The Japan Teachers’ Union (JTU) has launched a National Campaign on Education Reform (NCER), linking it to EI’s Unite for Quality Education (Unite) initiative.
“As an EI affiliate, JTU has been strongly committed to the achievement of the Education for All (EFA) goal set in 1995 by 164 governments signing up for the Millennium Development Goals (MDGs),” said Yasunaga Okamoto, JTU General Secretary and Chairperson of EI’s Asia Pacific Regional Committee. “JTU has reinforced the campaign not only by joining in with the international trade union movement, but also through domestic social dialogue. In particular, JTU carries out the NCER as its own EFA activities every year.”
Here are some examples of NCER:
- Niigata Prefecture Teachers’ Union and Niigata High School Teachers’ Union
These two unions engaged in social dialogue with citizens throughout Niigata Prefecture and listened to their views on education. Some citizens, Okamoto said, indicated that a class size of 35 pupils is too much, making the teacher’s job more difficult. The unions will appeal to the Prefectural Assembly to reduce class sizes.
- Akita Prefecture Teachers’ Union
The union held a Children’s Conference where elementary school and junior high school students openly spoke about their school life. Their learning environment was a concern with comments such as: ‘It is unfair that teachers decide who uses which school facilities’ or ‘My class doesn’t have a good environment compared with others’. The children concluded that ‘It was good for me to say what I’m thinking’ or ‘I really enjoyed this conference because I was happy to hear the others’ views’. For teachers and parents, it was also a great opportunity to listen to the voice of children who have the right to education.
Free education limited
JTU Headquarters have also been involved in raising people’s awareness about the importance of a tuition-free high school system. Children have the right to access free higher education according to the United Nations Convention on the Rights of the Child. The previous Japanese administration introduced the tuition-free high school system, and thanks to this system, fewer students left schools due to economic reasons.
“We took to the streets and gathered signatures expressing the people’s agreement for the system,” said Okamoto. “Unfortunately, the current administration changed the policy. Now, children whose parents have an annual income of more than ¥9.1 million (approx. €64,000) cannot receive the benefits of the free system. JTU strongly opposes this policy change.”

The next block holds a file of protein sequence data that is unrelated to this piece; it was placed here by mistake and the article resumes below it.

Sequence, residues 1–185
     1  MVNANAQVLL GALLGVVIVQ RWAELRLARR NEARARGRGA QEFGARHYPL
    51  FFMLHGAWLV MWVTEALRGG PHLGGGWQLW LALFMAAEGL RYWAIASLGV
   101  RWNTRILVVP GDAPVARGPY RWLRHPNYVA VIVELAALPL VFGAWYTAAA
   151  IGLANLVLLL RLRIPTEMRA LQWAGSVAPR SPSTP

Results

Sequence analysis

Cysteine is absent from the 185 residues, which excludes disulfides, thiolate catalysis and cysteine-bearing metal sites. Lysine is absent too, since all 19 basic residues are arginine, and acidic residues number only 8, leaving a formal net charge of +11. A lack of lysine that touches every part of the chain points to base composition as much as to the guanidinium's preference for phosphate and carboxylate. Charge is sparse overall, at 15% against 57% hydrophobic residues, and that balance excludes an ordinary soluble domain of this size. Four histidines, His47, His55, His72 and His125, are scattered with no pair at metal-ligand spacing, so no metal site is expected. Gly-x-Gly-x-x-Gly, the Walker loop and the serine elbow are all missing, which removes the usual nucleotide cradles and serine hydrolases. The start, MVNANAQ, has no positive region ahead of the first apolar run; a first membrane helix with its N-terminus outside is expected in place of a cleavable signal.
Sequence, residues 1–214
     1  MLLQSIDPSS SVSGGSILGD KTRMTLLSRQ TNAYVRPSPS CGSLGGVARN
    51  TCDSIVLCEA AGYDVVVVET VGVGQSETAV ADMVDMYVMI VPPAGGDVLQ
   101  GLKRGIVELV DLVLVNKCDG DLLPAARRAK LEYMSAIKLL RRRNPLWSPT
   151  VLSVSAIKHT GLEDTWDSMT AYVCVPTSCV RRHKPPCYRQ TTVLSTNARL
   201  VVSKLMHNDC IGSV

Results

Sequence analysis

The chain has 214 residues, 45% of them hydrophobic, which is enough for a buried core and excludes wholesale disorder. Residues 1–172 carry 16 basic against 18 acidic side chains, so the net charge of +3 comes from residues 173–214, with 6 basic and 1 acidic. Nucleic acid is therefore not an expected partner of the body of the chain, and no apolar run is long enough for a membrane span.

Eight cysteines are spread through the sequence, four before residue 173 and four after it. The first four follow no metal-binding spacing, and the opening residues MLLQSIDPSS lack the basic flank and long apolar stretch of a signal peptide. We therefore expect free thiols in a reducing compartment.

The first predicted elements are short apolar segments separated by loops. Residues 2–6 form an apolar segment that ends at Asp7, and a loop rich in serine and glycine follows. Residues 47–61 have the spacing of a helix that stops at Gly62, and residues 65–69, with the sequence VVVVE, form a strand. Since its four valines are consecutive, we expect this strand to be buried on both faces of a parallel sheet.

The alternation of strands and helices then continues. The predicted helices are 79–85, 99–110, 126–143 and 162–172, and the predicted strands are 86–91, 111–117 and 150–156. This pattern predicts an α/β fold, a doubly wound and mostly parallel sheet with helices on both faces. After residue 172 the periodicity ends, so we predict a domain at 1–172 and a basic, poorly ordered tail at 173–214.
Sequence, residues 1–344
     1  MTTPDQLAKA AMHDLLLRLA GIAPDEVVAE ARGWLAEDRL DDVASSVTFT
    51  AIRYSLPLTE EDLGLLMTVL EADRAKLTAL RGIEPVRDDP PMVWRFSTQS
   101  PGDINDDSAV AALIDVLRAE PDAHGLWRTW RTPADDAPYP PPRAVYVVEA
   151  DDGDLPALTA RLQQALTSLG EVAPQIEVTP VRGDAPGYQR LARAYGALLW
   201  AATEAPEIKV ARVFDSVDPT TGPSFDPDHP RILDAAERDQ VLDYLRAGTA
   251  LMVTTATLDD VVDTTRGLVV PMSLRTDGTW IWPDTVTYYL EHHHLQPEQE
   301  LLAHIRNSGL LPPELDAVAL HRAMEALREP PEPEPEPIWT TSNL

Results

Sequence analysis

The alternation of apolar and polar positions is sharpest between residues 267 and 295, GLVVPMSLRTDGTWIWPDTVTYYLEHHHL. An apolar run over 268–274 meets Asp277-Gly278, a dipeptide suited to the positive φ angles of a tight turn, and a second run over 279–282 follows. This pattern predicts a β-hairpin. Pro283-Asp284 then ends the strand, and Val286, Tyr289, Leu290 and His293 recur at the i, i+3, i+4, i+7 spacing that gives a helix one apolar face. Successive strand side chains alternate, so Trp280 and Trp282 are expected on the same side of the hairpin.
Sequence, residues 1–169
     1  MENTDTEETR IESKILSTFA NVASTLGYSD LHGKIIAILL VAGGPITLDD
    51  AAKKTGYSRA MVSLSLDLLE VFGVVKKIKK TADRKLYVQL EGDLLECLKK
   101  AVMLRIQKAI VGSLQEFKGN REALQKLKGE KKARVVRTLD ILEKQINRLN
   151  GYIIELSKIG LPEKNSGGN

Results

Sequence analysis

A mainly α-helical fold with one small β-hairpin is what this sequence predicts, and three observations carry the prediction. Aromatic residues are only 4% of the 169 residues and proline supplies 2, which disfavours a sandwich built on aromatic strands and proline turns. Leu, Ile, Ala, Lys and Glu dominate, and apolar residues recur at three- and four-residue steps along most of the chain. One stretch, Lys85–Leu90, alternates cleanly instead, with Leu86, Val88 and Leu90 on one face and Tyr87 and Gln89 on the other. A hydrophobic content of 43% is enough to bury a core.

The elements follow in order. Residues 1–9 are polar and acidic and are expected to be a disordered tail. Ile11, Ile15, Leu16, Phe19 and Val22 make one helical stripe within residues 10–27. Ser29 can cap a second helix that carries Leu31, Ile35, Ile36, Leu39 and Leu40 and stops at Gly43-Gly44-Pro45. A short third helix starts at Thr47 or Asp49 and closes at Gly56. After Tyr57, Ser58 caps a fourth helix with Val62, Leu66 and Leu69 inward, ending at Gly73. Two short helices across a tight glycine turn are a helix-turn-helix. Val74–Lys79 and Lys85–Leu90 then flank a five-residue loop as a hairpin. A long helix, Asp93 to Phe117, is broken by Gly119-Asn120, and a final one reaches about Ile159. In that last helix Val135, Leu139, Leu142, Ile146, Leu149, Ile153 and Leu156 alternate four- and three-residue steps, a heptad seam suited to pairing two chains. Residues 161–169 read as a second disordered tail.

“Our mission in the 21st century is to create a society where peace, human rights, environment, coexistence and democracy are respected,” said Okamoto at the World Teachers’ Forum when he attended the Unite launch in New York, USA. “Education, above all else, is necessary in achieving this, and schools are the symbol of education. Direct advocacy to governments and politicians are of course important and we will persevere in this. However, that alone is not sufficient.”
Video of the Unite launch in New York:
JTU considers social dialogue with students, guardians and citizens to be the core of its work and the union is holding gatherings and symposiums together with teachers and staff organisations in each prefecture. JTU will also conduct a national education campaign using mass media in November.
JTU’s slogan, ‘Never send our children to battlefields’, should be used not only for its domestic activities, but also in the international solidarity, Okamoto stressed.
“Even children who are in danger by surrounding armed conflicts have rights to education,” Okamoto highlighted. “Let us unite with our EI colleagues and jointly spread Unite throughout the world!”
EI: Quality education a priority post-2015
“EI has outlined a new dimension of EFA beyond 2015 and has launched its Unite campaign,” said EI General Secretary Fred van Leeuwen. “We are extremely satisfied to see that so many of our affiliates have joined in, showing the strong commitment of educators worldwide to provide quality education to their students. Together, we can ensure that quality education remains at the top of the post-2015 development global agenda.”
He added that EI believes it is not enough to ensure education, but also ‘quality education’, with its three pillars: quality teachers, quality tools, and quality environment.
Unite for Quality Education is a campaign of Education International (EI), the voice of teachers and other education employees across the globe. Join the 30 million members EI represents (through its 400 affiliated organisations in more than 170 countries and territories) to demand that quality education for all remains at the top of the agenda for a sustainable, peaceful and prosperous future.